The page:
Source: Zero Hedge
by Jeff Clark of Casey Research
This is not a recommendation to buy or sell. Personally, I’m in the air about buying at $30. I would certainly buy at ~$25 and might add a few more at this $30 range, but to each their own. This author makes a very valid point and points it into perspective near the end.
The silver price has bounced 27% since January 28, a huge advance for a measly 16 trading days. It’s already soared past its 2010 high and was selling for less than $16 this time last year, a double in 12 months. So, is it pricy? Or should we ignore the run-up and keep buying?
I’ve read a few articles that say we should expect silver to drop to the $25 level, and one pinpointed $22. Others, of course, see bullish tea leaves for the near term and believe it’s headed higher. Of those that assert silver will decline, most believe it will be temporary, though one writer claims the bull market in precious metals is over (I think he’s a holdout from the gold-is-a-bubble camp).
These authors could be right about a near-term decline, but I’m less concerned with what the price does this month or even the next few months, and more focused on where it’s likely headed over the next few years. Caution: the chart ahead may cause excitement.
While there are lots of reasons to be bullish on silver, what everyone really wants to know is how high the price can go. Here’s one hint, based strictly on historical price performance.
Silver rose an incredible 3,646% from the November 1971 low of $1.32 to its January 21, 1980 high of $49.45 (London PM fix prices). Our current advance, through February 4, is 596%. At $30, silver would have to climb over five times to match the last great bull market. If it did, the price would hit $160.89 per ounce (from its bottom of $4.295 on March 30, 2001).
You’ll also notice silver has a record of outperforming gold in these two bull markets. In spite of the price dropping 26.9% in 2008 (while gold gained 5%), the metal has outrun its yellow cousin by 38.6% since their respective lows in 2001.
Gold advanced 2,333% in the 1970s; it’s currently up 430%. If it matched the last run, the price would hit $6,227.26 per ounce, a return of four-and-a-half times the gold you buy today.
From solely a historical price perspective, the chart certainly suggests we’ve got a long way to go with both metals. The question is if the fundamentals support such price advances (show me a healthy dollar and no threat of inflation, and we’ll talk), but my point for the moment is that there is an established precedence for the price of these metals to climb much higher. And just as important, to keep one’s eye on the big picture.
So, yes, I’m buying silver at $30, in part because I think the potential for enormous gains is high.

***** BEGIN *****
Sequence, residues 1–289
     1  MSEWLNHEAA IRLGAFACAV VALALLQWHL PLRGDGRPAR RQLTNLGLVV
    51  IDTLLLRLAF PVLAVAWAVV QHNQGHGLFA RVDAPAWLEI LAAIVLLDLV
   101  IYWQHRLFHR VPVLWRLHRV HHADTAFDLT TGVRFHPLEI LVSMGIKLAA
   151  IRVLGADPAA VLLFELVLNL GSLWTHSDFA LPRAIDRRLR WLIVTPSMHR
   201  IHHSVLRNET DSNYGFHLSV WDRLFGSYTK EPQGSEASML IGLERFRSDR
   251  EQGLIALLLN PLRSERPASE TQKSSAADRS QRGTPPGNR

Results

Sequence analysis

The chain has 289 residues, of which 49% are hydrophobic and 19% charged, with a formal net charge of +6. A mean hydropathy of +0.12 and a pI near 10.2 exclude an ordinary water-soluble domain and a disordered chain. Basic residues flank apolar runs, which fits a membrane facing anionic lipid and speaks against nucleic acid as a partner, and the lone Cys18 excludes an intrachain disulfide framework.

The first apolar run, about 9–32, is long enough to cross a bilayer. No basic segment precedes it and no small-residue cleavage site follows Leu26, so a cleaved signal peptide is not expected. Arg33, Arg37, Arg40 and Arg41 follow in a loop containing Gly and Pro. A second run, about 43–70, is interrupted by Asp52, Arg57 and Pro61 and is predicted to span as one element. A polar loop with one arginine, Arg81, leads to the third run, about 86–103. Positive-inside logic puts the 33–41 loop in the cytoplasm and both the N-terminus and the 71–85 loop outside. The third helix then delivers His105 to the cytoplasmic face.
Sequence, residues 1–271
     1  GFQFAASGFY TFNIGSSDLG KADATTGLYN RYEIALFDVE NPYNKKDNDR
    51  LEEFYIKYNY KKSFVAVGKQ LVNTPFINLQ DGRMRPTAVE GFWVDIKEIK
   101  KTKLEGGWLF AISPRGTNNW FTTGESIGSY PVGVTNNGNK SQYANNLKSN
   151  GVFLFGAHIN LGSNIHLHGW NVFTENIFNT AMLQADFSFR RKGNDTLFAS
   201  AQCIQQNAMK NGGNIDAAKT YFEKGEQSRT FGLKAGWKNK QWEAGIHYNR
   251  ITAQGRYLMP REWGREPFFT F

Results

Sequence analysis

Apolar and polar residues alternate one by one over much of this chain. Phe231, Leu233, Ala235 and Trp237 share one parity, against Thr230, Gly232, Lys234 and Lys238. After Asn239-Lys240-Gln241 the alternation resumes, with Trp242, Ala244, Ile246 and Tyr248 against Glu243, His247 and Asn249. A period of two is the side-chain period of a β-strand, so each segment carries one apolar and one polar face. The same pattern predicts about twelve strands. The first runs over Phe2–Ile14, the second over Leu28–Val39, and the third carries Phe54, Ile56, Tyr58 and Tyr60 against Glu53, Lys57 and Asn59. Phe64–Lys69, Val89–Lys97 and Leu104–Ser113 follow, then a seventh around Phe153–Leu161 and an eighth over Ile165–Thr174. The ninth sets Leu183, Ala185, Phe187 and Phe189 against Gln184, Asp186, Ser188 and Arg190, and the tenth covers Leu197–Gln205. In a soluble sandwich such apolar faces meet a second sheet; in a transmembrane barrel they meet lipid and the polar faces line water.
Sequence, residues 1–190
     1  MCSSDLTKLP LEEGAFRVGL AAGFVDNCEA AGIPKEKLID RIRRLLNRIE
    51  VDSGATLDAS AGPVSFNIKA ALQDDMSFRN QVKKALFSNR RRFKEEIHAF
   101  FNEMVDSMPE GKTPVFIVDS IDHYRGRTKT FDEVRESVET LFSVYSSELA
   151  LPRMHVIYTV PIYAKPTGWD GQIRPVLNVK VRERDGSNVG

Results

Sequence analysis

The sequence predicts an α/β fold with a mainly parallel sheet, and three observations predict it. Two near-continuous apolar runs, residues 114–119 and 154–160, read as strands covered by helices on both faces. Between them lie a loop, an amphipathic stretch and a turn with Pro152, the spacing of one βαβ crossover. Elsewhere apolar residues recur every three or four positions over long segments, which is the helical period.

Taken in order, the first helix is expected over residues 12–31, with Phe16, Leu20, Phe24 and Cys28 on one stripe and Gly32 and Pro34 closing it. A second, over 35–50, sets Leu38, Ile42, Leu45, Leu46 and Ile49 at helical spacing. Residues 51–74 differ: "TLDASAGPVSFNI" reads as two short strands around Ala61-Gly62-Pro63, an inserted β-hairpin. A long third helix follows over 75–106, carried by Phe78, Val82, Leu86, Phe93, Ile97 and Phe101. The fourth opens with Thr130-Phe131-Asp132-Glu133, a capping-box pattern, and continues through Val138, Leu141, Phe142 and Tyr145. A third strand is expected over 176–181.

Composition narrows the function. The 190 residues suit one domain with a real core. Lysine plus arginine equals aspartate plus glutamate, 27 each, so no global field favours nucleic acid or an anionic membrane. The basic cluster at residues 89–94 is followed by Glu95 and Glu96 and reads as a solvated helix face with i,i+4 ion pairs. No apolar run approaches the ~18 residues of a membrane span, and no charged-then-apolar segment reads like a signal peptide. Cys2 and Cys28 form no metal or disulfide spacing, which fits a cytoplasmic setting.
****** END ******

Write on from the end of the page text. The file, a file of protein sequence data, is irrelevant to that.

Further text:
However, I’ll add that I’m not draining my cash account to do so. I think it’s important for the precious metals investor to always be in the game, but given silver’s volatility and the precarious nature of most markets right now, prudence suggests we keep some powder dry as well.
Let’s say one of the soothsayers noted above is correct and silver temporarily falls to $25. If you snag it at that level, your endgame return would be 543%, vs. the 436% gain from $30 (excluding premiums and storage costs). That’s more than another 100% gain on your original investment.
But how does one buy silver not knowing if the price will plummet or soar? For example, silver could take off from these levels, never to see $30 again, leaving those of you waiting for a sell-off out of the market. Or it could sink to $25, making investors who went all in now regret they didn’t wait for a better price. Or it could trade sideways until, say, next fall, leaving both parties uncertain and on the sidelines.
In my opinion, there’s a one-word answer to the question. It solves all dilemmas – it keeps you in the market, while simultaneously letting you buy at lower prices if that occurs. It lets you build your position bigger and bigger without the worry of whether you’re getting a good price.
That one-word verb is, accumulate. Or in the vernacular made popular in the ’80s by the financial planning community, dollar cost average. In other words, buy a little now, buy a little next month, etc., until you have a position sufficient in size to fight off inflation and any other economic woe we’re likely to encounter over the next few years.
So my advice is, buy, hold, repeat. Because if our silver market ends up looking anything like that left bar in the chart, you may regret not having bought at $30, too.
[By the way, we updated the numbers on the market cap for Pan American Silver from our article last week… check out how tiny one of the largest silver producers is compared to other popular stocks here.]
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